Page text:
It seems that the UK is going to become the toughest country for cyber pirates. The latest news has it that one “pirate” was arrested for uploading the UK 40 songs on the Pirate Bay and Kickass Torrent pirate websites. What is this supposed to mean for the pirate content industry?
Well, the first invaluable lesson is that the larger the data package is, you are uploading online, the greater the chances are, you will be eventually caught. In other words, if the “hero” of our story could have been satisfied with only a couple of songs, then he had not had some time to spend in the police station.
Europe has obviously become tremendously intolerant, when it comes to cyber piracy and copyright violations. We cannot tell for sure, who or what is more responsible for this new anti-piracy-tide in Europe, the Hollywood itself or the new approach of the EU Commission?
Either way, the busy little bees in the Pirate Bay again have quite a challenge to deal with. So far, their abilities to adapt and strike back with a vengeance have been quite remarkable. Let us see, how they will respond to the serious of damaging legal blows sent with love from both Hollywood and EU Commission.
One thing is more than certain in the so-called Hollywood-Pirate-Wars, these cyber-pirates are surprisingly persistent and extremely innovative. You should not get us wrong. This is not some pro-piracy post. We are eager to see how far this stubborn game is going to go and last, including the fate of its participants.
The Pirate Bay uses six alternative domains almost on a daily basis. What is even more interesting the busy little pirate bees are discarding the www prefix, as well. It is as if they are coming from some other parallel Internet universe. Would all of these unorthodox measured help them in the long run?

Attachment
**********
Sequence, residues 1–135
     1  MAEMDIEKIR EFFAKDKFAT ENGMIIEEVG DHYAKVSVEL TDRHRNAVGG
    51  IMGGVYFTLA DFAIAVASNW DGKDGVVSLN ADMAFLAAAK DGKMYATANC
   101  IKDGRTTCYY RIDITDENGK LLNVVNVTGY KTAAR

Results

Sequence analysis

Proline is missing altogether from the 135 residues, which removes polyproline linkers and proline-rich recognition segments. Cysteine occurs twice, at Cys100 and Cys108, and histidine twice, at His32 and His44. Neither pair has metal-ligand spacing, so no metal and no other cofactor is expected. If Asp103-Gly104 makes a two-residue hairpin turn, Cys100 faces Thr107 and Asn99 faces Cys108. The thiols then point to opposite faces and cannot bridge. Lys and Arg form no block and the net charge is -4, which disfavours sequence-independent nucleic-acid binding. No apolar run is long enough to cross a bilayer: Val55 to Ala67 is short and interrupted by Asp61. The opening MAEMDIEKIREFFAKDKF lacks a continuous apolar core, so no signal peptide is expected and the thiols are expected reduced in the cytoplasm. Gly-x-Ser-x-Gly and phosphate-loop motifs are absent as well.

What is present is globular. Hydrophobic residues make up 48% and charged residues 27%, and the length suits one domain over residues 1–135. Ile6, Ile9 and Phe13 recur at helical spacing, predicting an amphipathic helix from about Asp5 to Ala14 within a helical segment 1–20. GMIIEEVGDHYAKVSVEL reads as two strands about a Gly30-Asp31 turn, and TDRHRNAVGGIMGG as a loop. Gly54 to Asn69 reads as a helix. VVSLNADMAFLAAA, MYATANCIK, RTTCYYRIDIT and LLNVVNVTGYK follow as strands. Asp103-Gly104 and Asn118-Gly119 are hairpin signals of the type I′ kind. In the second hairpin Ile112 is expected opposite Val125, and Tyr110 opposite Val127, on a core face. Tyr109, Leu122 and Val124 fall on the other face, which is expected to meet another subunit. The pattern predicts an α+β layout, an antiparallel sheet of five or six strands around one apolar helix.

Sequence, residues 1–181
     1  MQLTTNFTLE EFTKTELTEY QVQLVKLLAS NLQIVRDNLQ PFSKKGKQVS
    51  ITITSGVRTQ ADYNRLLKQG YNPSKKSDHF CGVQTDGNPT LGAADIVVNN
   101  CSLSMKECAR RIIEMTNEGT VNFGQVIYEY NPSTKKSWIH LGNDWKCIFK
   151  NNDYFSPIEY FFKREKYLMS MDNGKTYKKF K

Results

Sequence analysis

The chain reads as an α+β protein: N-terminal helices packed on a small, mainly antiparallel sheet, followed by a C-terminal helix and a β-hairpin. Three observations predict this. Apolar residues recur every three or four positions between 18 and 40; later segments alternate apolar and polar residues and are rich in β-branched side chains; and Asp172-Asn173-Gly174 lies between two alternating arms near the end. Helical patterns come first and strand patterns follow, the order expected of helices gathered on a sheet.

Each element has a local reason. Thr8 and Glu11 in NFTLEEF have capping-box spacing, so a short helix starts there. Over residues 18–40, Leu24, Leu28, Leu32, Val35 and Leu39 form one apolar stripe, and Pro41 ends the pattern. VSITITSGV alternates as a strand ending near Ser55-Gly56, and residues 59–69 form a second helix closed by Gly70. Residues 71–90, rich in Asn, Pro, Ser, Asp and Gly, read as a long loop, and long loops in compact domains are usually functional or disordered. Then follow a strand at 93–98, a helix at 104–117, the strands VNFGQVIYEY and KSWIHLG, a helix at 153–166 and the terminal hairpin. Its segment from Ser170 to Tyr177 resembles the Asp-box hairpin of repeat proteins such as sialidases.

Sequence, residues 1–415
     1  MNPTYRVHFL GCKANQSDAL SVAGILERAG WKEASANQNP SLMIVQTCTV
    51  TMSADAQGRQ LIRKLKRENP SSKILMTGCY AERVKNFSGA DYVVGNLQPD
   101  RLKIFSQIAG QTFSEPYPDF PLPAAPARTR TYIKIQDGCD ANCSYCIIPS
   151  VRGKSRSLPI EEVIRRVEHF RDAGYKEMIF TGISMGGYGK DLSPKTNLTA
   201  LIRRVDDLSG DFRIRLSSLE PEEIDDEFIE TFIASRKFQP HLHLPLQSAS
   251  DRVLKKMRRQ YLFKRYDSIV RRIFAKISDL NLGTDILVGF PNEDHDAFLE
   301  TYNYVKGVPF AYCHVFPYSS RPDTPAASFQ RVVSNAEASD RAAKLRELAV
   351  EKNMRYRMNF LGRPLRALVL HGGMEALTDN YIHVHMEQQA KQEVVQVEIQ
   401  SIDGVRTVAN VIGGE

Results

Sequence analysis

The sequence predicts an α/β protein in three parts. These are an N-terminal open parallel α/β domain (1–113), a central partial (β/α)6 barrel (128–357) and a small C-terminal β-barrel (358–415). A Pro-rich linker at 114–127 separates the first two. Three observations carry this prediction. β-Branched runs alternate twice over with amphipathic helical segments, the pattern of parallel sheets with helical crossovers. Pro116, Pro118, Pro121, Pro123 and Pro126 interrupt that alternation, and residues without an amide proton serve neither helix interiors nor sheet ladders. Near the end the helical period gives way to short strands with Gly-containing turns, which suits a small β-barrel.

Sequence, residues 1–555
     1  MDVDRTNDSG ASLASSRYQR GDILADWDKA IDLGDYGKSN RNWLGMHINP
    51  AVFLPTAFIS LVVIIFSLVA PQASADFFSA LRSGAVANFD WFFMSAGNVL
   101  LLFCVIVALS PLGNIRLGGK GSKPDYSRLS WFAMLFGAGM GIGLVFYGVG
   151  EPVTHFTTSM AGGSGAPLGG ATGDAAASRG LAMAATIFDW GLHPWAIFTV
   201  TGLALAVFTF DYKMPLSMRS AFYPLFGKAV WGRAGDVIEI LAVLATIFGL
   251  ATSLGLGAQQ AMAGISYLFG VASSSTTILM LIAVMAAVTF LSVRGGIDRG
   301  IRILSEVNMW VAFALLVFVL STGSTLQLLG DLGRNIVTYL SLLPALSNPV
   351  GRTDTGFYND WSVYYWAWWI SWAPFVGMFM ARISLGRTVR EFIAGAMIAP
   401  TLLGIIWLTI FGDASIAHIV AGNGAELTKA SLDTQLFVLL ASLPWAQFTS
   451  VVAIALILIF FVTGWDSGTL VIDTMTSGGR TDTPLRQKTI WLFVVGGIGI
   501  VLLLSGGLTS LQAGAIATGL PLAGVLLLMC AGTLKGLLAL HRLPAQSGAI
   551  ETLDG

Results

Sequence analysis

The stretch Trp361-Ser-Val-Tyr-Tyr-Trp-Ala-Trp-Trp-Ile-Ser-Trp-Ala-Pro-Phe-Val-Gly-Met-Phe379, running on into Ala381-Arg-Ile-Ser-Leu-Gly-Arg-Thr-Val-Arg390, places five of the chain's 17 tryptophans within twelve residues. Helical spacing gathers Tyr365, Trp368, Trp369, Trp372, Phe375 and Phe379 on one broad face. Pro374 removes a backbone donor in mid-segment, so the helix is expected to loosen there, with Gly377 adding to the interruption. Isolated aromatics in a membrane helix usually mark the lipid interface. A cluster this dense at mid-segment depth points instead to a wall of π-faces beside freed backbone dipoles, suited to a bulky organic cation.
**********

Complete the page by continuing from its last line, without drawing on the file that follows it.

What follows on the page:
The Hollywood empire will strike back eventually, this way or another. This is no longer a thing that has to do with money or copyrights. Maybe, we are imagining things, but we just cannot help ourselves noticing some unexplainable personal moments in this endless conflict.
Is it really so hard to come up with a compromising solution, which is more or less satisfactory for both parties? This is really hard to believe. If you want to end the reign of torrent sea pirates, then you have to do better than this. We have this funny feeling that this is not the last post about the cyber-piracy.
Imagine a world with no cyber-pirates. Imagine a moment where all computers all over the world will use and run only the fully legitimate and legal software and licenses. Would not that be a sight? Yet, what could this unrealistic scenario change for real? Does it mean that you would be a happier person?
Or, maybe you will have less money to spend on other things? Why? The pirate software version is substantially cheaper, by default. Here is a catch. In the EU alone, more than 70 million jobs, which is almost one third of its entire labor market, depends one way or another on the proper protection of the intellectual property rights.
When you mess up with the intellectual property and copyrights in the wrong way, there is no win-win scenario. Someone will always lose. Strong legal pressure means that we will pay more. Cyber loopholes can allow pirates to give us cheaper functional alternatives. Yet, that is a loss for the corporate world.
And, here we are where we are, where we have been all of this time. There will be some cosmetic changes, but the main troubles will remain the same more or less. Pirates are not going to disappear, and a software is not going to be offered for free. Our cyber seas will be restless for quite some time.